This lively rhyming book is hilarious in large part by the colorful artwork that brings this book to life. Jake loves peanuts and little else. His parents decide that if that’s what he wants then that’s what he’ll have. After a week of truly creative peanutty dishes (a true labor of love), Jake is thoroughly peanuted out. The premise of the book is simple—too much of a good thing makes it a lot less fun—but the journey is fun and will make you laugh. The artwork has a The Simpsons vibe and the expressions are just delicious. This is a book that adults and kids will enjoy. Some questions to ask as you read along: Why do you think Jake got sick of peanuts? How long do you think it would take you to get sick of [kid’s favorite food]?
Links to buy: Amazon
Bread And Jam For Frances
Written by: Russell Hoban | Illustrated by: Lillian Hoban
Recommended Age: 5-8 years old
The plot of this book is similar to Jake Goes Peanuts but is geared toward slightly more advanced readers. Frances loves bread and jam. No matter what her mother serves, Frances wants only bread and jam. She loves it so much she makes little songs about it. When she starts to refuse to eat other things, her mom decides to let Frances eat bread and jam for all her meals. Surprise, surprise: soon, Frances is tired of bread and jam and more willing to try other things. Even though this is not a chapter book, this book is great for readers who are transitioning to those types of books. The illustrations are line drawings with soft, muted colors and a cozy, nostalgic feel to them. As your kid reads this book, consider asking them why they think Frances was getting tired and what they would do if they were in Frances’ shoes.
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For kids who know what they don’t want
I Will Never NOT EVER Eat A Tomato
Written and Illustrated by: Lauren Child
Recommended Age: 2-6 years old
This book is excellent in so many ways, I’m not quite sure where to begin! In this story, Charlie is the older brother and Lola is his younger sister. Lola is a very fussy eater who is clear on all the things she will not eat. Charlie, sometimes responsible for feeding Lola, has to come up with ways to get her to eat. What ensues is a brilliant amount of imagination as Charlie convinces Lola that what she thinks are peas are actually “green drops from Greenland.” I think this book works so well because it’s a kid trying to get another kid to eat their fruits and veggies. And I love that play and imagination is the very heart of the story to help transform the mundaneness of peas into something unusual and unexpected.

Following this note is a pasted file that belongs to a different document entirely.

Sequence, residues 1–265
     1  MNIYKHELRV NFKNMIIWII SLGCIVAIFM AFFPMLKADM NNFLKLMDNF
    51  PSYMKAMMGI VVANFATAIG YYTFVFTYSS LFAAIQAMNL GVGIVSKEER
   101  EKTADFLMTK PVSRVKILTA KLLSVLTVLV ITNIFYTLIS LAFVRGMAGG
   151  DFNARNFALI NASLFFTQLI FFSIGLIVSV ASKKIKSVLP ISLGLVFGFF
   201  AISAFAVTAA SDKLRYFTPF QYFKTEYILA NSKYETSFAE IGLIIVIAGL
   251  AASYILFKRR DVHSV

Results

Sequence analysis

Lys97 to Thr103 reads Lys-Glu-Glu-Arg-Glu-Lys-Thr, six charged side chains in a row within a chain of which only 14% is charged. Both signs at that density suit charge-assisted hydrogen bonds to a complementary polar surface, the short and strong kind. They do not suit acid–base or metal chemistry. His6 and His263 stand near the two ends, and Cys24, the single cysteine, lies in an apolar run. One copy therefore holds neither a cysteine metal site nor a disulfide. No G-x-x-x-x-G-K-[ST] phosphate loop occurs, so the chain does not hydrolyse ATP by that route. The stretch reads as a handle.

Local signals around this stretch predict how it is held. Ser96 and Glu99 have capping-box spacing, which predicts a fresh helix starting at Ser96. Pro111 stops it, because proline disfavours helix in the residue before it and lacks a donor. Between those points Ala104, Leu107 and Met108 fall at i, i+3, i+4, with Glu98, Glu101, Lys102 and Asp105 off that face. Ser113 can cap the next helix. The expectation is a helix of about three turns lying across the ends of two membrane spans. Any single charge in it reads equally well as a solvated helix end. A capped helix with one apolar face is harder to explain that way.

The text is designed to help kids who are learning to read. Small graphics accompany certain words to help readers familiarize themselves with the written names of those objects; for example, the word potatoes will be shown with a small illustration to help readers recognize the word. Child’s collage illustrations pair line drawings with real imagery and the result is fun, joyful, and engaging artwork that is sure to draw kids into Charlie and Lola’s world.
There are SO MANY ways you can use the tools in this book for your kids! Next time you’re facing resistance, come up with a creative way to make those fruits and veggies more exciting. Get your kid to come up with their own stories too! For those who may not know, this is the first book of an award-winning series on Charlie and Lola. The books were turned into a TV show in the UK and you can watch a few episodes on YouTube. Here is the episode that is based on this book.
Tales For Very Picky Eaters
Written and Illustrated by: Josh Schneider
Recommended Age: 6 - 9 years old
This chapter book is a series of stories in which each story is about a food James does not want to try. When James refuses to try each food, his dad responds with a crazy concocted story in response. In the end, James usually agrees to try the food in question. I think my favorite tale is the one on milk because the story James’ dad spins is true enough to appease the nutritionally-minded adults in the room and zany enough to convince kids to have their milk. As I Will Never NOT EVER Eat A Tomato, I highly recommend leaning into the father’s spirit and coming up with crazy stories to make mealtime entertaining! This definitely feels like a chapter book so it’s great for older fussy eaters. The illustrations are charming in their simplicity and do a great job of communicating James’ doubts and, ultimately, his resignation. One of the things that I really appreciate about this book is that it’s centered on James’ relationship with his dad. Too often, we see dads overlooked in children’s books so this was very refreshing!
Drop a comment below and share any tips / advice you have for making mealtime a pleasant(er) experience!